What Happens If I Refuse A Chemical Test For A DUI?
There are two types of breathalyzers in Georgia. One is the PBT. This is the portable breath test, and it’s usually a handheld device administered at roadside to see if you have the presence of alcohol on your breath. Then there is the breathalyzer machine called the Intoxilyzer 9000, which is usually administered at the jail. If the officer has probable cause to believe that you are driving under the influence, in Georgia, there is the implied consent law. If, in fact, you do refuse that test, the penalty is, generally, a one year suspension of your driving privilege.
If you are ultimately found not guilty of DUI or you have that charge reduced, it would reverse the suspension for that refusal. Often people ask, “Should I blow? Should I refuse to take the test?” It really just depends on the circumstances, but those are the penalties if you refuse it. It’s not absolutely concrete because if you are not convicted of DUI, if you are acquitted or if it’s reduced to a lesser charge, then the refusal suspension is also reversed.
Will I Go To Jail For A DUI?
If you are arrested for a DUI, in almost every case, you will have to go to jail. The only times that probably wouldn’t be applicable is if there is an accident of some sort and you are hospitalized. In that case, you may not ever have to go to jail, depending on what happens with the DUI charge itself. But yes, if you are arrested, generally, you’ll be taken to jail where you’ll be able to post bond.
Some jails have different policies on how long they hold you. Sometimes they only hold you for an hour or two, and sometimes they hold you for 12 hours. If you are convicted of a first time DUI in Georgia, there is a mandatory 24 hour period that you must serve in jail. Some courts are a little bit liberal in enforcing that, and they’ll substitute a few hours in jail for that 24 hour requirement. Of course, the penalties for the amount of time in jail increase if it’s a second or subsequent DUI. If you are arrested, you will more than likely spend some amount of time in jail. It just depends on the jurisdiction as to how much.
Is A Criminal Case Dropped If Miranda Rights Are Not Read?
Miranda actually comes from a US Supreme Court case from the ‘60s. The case is Miranda vs. Arizona. Basically, what Miranda says is that you have to be read your rights if law enforcement is going to ask you questions. In some cases, law enforcement can ask preliminary questions, such as, “What’s your name? Where are you going? Why are you out here late at night?” Those types of things won’t trigger Miranda; but if you are in custody and don’t feel as though you are able to leave and the law enforcement officer asks you questions, then your answers to those questions can be suppressed, which means they can’t come up in trial or be brought up to a jury or to a judge, but in many cases, such as DUI arrests, those preliminary questions that are asked prior to your arrest are not considered custodial statements, and that’s the important distinction with Miranda.
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It has to be a custodial statement, meaning you have to be in custody of law enforcement when they are asking you questions. If they put you in custody and don’t read you your Miranda rights, those answers, generally, can be excluded from any information that is going to the jury. Oftentimes, the preliminary questions, before you are in custody, often can be introduced to the jury. A number of people feel that if law enforcement doesn’t immediately Mirandize someone, the case can be thrown out, but that simply is not the case. Miranda is an important right, but we have seen some erosion in the protections that Miranda affords since it was issued in the 1960s. Those are important distinctions to understand if you are facing a criminal case.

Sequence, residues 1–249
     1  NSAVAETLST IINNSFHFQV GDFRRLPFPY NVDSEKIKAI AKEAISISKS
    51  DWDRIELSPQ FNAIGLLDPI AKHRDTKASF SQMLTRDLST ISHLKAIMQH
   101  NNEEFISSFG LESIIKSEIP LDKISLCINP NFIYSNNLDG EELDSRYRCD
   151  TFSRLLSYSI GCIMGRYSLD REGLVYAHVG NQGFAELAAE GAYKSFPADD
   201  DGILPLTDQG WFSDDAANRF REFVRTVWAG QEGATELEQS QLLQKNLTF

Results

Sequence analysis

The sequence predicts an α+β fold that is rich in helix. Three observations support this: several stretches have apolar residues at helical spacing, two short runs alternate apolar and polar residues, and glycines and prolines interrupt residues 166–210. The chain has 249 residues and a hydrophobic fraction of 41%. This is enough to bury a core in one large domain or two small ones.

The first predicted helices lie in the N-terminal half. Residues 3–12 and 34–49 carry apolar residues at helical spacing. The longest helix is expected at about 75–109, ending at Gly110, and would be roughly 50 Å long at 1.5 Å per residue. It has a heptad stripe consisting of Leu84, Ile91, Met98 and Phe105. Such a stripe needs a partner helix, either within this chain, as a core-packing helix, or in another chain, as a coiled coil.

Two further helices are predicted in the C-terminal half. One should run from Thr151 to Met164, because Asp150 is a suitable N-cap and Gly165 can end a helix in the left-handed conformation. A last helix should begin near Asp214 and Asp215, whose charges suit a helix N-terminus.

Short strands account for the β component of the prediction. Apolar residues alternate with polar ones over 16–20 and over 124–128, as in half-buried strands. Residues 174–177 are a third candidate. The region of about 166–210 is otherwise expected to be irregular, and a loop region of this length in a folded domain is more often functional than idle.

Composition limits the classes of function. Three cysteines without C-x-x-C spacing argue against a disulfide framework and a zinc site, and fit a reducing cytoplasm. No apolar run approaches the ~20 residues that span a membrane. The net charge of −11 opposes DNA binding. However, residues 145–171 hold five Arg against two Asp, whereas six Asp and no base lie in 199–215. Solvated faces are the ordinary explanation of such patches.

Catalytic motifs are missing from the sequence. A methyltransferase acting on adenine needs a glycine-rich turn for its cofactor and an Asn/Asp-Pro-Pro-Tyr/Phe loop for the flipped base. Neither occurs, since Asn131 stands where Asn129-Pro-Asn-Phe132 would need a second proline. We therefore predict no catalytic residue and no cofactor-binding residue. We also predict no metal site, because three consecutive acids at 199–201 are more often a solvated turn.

Why Do I Need An Attorney To Represent Me In A Criminal Case?
In some very minor cases, such as traffic tickets, you might be able to represent yourself without hiring an attorney. But if it’s a more serious traffic violation, such as a DUI or any type of felony offense, I highly encourage you to consider hiring an attorney or, if you don’t have the money to hire an attorney, apply for the services of a public defender. The criminal justice system consists of a maze of different things, and it’s important to have someone that is advocating on your behalf to tell your story. You need someone that you can trust; you need someone that frankly knows the flavor of the local jurisdiction where you have a pending criminal charge.
The local lawyers know the judges, the prosecutors, the solicitors, the clerks of the court, the idiosyncrasies and the different things about the judges and what the judges will or won’t do and what the prosecutors will do and not do. They have often formed relationships over a number of years with those people, and they have knowledge and experience. We go to law school to learn, and then we cover the practice of law because we are constantly learning about the law, how it applies and how it affects our clients. There is certainly great benefit, and I would encourage anybody that has a serious traffic offense or any type of felony offense to hire an attorney, and the same goes not just for the criminal cases but also family law cases.
Divorce not only is an emotionally difficult thing to get through; it’s also financially difficult with so many different implications. When children are present, their location and which parent they are going to be with, are certainly extremely important issues. So hire an attorney that is experienced and has dealt with a number of different situations; this will greatly benefit any individual that is facing those types of circumstances.
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